When you talk about testosterone we tend to think that it is a male hormone.  Testosterone is considered a male hormone but both men and women have it.  For men it is primarily produced in the testes, women only make one tenth of what men do and it is made in smaller amounts in the ovaries.  Both male and female produce smaller amounts in the adrenal glands.  Testosterone is the main component when it comes to a sex drive for both men and women.

Many people believe that low testosterone only affects older men but,  According to the FDA, more than 4 million men suffer from low testosterone levels.  Yet, 95 out of 100 men fail to seek treatment.  Many believe that low hormone levels are just a part of getting older.  What men and women don’t realize is if you replace your hormones with Bio-identical natural hormones you don’t have to age!!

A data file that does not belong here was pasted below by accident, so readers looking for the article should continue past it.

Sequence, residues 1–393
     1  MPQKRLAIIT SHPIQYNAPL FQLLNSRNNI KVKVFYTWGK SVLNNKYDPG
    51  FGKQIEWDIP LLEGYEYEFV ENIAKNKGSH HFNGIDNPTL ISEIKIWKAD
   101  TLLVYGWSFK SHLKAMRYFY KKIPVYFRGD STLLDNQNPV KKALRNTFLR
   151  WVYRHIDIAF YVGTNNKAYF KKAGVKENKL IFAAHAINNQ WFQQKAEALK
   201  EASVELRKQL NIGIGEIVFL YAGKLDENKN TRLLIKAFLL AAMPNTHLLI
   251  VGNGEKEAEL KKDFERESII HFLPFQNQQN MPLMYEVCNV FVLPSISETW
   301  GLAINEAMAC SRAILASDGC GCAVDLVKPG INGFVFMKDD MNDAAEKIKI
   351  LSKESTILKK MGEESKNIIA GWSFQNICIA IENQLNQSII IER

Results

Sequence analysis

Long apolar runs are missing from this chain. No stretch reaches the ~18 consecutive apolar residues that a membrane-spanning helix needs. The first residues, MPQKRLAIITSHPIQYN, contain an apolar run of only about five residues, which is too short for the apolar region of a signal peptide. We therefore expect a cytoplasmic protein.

Research shows that by the time we get to 70 and 80 there is an increased risk of obesity, brittle bones, muscle loss, impotence and you are at higher risk for a heart attack, because of low testosterone.  When women finish menopause, they usually have low testosterone levels and it can be even worse for those using synthetic estrogen replacement.  Many find they have no energy, muscle tone or libido.  Testosterone increases the metabolic functions, which contribute to faster healing and lower total body fat.

If you are training and working to build muscle and shed fat, you need healthy testosterone levels.  One of the first things many notice when their levels start to drop is midsection weight.  Once levels have been restored many find that they are able to lose that unwanted belly fat.